Meanwhile, in the non-fenced part of the garden-- the one full of herbs that don't tempt hungry deer--things are blooming out in a big way. The Lavender is super happy:

From front to back, we have Feverfew (for headaches and fevers), Lavender (the ultimate nervine, and plant of a thousand uses-- I always keep lavender essential oil in my purse, since it comes in handy for everything-- calming, as an antiseptic for cuts and scrapes, and even as a healer for severe burns), Yarrow (a genius herb that will stop excess bleeding and get stuck blood moving, and is also a great energetic protector, acting somewhat like a force field around a person), Vervain (the witches herb or Druid's herb, one of the most sacred plants to my Celtic ancestors, who used her for trancing and journeying in the spirit realm; used in modern times as a nervine), and Yellow Water Irises (not a plant I have used medicinally, except of course for the medicine that is Beauty):

This is the first year my Comfrey bloomed! Comfrey is also called "knit-bone", which tells you what it has traditionally been used for. Use of the root is controversial in the herbal world due to potential liver toxicity, but the leaves are used externally as poultices or salves for a thousand purposes, including speeding up cell regeneration.

Here is my beautiful Clary Sage, a gift from a friend, now going wild in the garden. Her potent smell is sharp and musky at the same time, and utterly unforgettable. Her essential oil is used in treatment of women's hormonal imbalances, and her effect is just as her name says: she "clears". She is a potent opener of the third eye, so much that she can overwhelm me in the concentrated essential oil form. In the garden she hangs out and looks beautiful, and her scent travels through the air like a husky Gypsy song.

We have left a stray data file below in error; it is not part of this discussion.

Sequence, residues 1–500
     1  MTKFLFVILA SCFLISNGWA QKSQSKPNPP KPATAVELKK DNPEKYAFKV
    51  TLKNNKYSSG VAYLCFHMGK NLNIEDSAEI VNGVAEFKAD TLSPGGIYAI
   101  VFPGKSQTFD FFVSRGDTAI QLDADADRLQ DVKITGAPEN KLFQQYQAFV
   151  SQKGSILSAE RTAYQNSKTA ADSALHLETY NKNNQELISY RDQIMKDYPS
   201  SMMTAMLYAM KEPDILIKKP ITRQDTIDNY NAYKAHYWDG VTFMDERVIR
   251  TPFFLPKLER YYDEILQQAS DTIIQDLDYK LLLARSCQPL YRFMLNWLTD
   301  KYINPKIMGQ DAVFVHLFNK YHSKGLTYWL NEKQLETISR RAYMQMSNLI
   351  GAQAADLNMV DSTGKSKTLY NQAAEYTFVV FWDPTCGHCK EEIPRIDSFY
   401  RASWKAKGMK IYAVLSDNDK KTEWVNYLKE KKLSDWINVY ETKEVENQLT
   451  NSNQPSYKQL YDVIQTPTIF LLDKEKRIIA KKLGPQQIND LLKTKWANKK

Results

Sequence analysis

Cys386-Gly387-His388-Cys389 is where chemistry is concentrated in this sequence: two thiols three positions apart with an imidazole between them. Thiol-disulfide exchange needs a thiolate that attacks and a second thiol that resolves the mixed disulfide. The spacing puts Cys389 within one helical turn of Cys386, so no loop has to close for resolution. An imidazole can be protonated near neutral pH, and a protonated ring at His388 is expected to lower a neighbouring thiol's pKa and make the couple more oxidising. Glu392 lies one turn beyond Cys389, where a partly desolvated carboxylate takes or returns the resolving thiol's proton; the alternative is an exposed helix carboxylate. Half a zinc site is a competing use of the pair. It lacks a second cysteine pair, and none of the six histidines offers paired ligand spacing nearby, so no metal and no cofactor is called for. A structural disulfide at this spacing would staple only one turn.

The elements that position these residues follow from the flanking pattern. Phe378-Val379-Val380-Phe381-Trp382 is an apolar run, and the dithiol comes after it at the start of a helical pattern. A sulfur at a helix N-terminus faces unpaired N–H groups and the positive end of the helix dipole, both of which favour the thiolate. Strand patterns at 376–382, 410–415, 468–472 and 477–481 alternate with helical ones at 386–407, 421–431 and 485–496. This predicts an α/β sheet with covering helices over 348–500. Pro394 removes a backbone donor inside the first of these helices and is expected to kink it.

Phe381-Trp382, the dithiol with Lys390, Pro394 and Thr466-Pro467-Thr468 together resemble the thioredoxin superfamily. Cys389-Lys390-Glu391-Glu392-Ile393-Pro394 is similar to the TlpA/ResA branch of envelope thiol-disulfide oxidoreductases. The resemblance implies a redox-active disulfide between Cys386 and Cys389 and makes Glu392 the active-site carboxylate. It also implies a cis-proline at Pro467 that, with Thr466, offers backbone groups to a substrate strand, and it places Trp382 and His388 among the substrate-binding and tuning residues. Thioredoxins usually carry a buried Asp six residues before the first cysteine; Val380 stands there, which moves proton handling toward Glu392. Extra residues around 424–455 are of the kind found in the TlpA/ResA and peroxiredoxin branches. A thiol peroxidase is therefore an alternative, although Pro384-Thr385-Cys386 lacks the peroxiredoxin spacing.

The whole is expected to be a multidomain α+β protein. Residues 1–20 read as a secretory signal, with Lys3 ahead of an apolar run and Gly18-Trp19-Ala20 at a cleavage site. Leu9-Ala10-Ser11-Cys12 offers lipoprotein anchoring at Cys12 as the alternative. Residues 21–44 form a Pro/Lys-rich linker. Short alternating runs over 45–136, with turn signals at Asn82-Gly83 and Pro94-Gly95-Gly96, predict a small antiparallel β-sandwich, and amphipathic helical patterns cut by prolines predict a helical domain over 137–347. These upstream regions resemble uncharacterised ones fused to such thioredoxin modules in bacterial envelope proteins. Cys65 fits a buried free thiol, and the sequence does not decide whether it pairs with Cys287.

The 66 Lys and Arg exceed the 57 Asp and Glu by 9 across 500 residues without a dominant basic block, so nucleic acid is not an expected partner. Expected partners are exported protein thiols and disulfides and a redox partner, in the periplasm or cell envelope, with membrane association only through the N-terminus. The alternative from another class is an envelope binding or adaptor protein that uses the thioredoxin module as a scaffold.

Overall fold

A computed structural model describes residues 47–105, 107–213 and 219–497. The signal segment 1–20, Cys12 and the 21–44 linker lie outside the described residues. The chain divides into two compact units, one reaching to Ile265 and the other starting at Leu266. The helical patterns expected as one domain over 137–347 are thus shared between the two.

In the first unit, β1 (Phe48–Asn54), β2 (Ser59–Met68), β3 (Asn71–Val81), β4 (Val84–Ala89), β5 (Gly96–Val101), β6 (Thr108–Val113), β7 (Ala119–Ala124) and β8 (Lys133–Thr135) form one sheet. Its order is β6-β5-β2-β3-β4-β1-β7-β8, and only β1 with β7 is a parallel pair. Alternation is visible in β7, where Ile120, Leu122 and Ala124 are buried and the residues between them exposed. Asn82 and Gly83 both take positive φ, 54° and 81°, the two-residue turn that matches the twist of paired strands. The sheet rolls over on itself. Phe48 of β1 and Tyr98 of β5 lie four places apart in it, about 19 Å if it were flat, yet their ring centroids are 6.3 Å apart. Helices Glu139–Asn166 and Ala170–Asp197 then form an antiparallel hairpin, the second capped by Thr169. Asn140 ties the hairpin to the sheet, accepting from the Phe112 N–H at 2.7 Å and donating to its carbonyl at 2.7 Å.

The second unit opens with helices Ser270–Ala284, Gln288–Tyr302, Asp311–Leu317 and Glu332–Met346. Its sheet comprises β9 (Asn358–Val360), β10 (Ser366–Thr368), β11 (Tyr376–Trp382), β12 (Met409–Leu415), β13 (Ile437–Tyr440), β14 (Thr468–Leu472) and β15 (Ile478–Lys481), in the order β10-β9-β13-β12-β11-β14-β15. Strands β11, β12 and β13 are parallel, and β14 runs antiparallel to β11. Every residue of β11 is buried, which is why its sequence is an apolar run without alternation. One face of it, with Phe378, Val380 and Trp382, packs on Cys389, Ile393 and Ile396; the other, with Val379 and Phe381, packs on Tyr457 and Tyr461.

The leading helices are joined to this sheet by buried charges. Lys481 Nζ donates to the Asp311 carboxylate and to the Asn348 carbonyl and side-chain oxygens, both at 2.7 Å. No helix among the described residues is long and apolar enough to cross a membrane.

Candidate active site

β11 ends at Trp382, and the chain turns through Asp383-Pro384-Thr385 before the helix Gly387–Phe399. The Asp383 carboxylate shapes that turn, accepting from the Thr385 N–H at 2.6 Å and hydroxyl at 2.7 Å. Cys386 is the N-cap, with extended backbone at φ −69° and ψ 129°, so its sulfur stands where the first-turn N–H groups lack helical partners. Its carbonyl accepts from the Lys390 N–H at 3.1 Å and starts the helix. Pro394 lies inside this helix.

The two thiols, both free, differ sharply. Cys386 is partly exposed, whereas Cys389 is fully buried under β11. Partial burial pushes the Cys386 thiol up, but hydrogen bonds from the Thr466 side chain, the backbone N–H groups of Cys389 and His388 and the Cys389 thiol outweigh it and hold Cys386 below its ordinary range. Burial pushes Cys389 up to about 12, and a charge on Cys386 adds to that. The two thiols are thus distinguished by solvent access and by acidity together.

Here is my Water Iris again... this is the first year she has bloomed! I poached a few of these from a place up the road where there were literally miles of blooms filling every stream and creek, hummingbirds at every flower-- a breathtakingly lovely sight. I thought that she might not be getting enough sun to flower in our little holler, but I guess she just needed to put her energy into her root system for a few years. Now she is really expanding, and I hope one day the whole length of the stream in the holler is filled with these incredible blooms!


Here's my little Riparian Restoration project seen from another angle-- this might look wild to you, but it is actually a careful recreation of what Should Have Been. When we moved in this little creek was being used as a trash heap, and it was covered in generations of yard waste and rusty bedsprings. Only the toughest weeds were making a living here. Chris and I put in a lot of blood sweat and tears pulling out the blackberries and the trash, and I restored the area to its natural state, using local plants and a few non-native herbs that I love. Now it is a thriving mini-ecosystem, and where there once were only crickets, there are now dozens of kinds of cool bugs and butterflies and bees!